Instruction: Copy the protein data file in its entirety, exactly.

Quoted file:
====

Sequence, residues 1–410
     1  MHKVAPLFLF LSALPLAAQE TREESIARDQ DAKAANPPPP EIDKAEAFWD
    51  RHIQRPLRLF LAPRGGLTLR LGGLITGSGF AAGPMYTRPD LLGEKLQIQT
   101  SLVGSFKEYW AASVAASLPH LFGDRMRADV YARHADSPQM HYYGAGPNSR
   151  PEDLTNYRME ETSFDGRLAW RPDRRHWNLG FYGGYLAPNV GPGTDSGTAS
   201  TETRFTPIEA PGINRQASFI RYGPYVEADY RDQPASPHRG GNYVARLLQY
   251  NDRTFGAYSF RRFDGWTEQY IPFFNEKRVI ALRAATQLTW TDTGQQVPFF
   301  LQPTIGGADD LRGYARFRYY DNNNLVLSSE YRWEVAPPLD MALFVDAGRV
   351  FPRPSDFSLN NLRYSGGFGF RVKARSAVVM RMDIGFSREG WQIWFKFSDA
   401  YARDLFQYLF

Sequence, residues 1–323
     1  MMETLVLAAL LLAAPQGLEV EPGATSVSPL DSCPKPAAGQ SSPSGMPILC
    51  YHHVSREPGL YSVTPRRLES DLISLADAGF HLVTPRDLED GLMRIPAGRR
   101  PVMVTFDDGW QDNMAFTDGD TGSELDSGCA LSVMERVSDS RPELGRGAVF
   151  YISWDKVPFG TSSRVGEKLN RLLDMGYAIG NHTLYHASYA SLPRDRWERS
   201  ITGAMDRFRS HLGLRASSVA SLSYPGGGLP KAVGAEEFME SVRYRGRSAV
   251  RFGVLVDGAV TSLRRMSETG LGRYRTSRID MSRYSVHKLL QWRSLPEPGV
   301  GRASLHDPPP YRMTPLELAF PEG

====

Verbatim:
Sequence, residues 1–410
     1  MHKVAPLFLF LSALPLAAQE TREESIARDQ DAKAANPPPP EIDKAEAFWD
    51  RHIQRPLRLF LAPRGGLTLR LGGLITGSGF AAGPMYTRPD LLGEKLQIQT
   101  SLVGSFKEYW AASVAASLPH LFGDRMRADV YARHADSPQM HYYGAGPNSR
   151  PEDLTNYRME ETSFDGRLAW RPDRRHWNLG FYGGYLAPNV GPGTDSGTAS
   201  TETRFTPIEA PGINRQASFI RYGPYVEADY RDQPASPHRG GNYVARLLQY
   251  NDRTFGAYSF RRFDGWTEQY IPFFNEKRVI ALRAATQLTW TDTGQQVPFF
   301  LQPTIGGADD LRGYARFRYY DNNNLVLSSE YRWEVAPPLD MALFVDAGRV
   351  FPRPSDFSLN NLRYSGGFGF RVKARSAVVM RMDIGFSREG WQIWFKFSDA
   401  YARDLFQYLF

Sequence, residues 1–323
     1  MMETLVLAAL LLAAPQGLEV EPGATSVSPL DSCPKPAAGQ SSPSGMPILC
    51  YHHVSREPGL YSVTPRRLES DLISLADAGF HLVTPRDLED GLMRIPAGRR
   101  PVMVTFDDGW QDNMAFTDGD TGSELDSGCA LSVMERVSDS RPELGRGAVF
   151  YISWDKVPFG TSSRVGEKLN RLLDMGYAIG NHTLYHASYA SLPRDRWERS
   201  ITGAMDRFRS HLGLRASSVA SLSYPGGGLP KAVGAEEFME SVRYRGRSAV
   251  RFGVLVDGAV TSLRRMSETG LGRYRTSRID MSRYSVHKLL QWRSLPEPGV
   301  GRASLHDPPP YRMTPLELAF PEG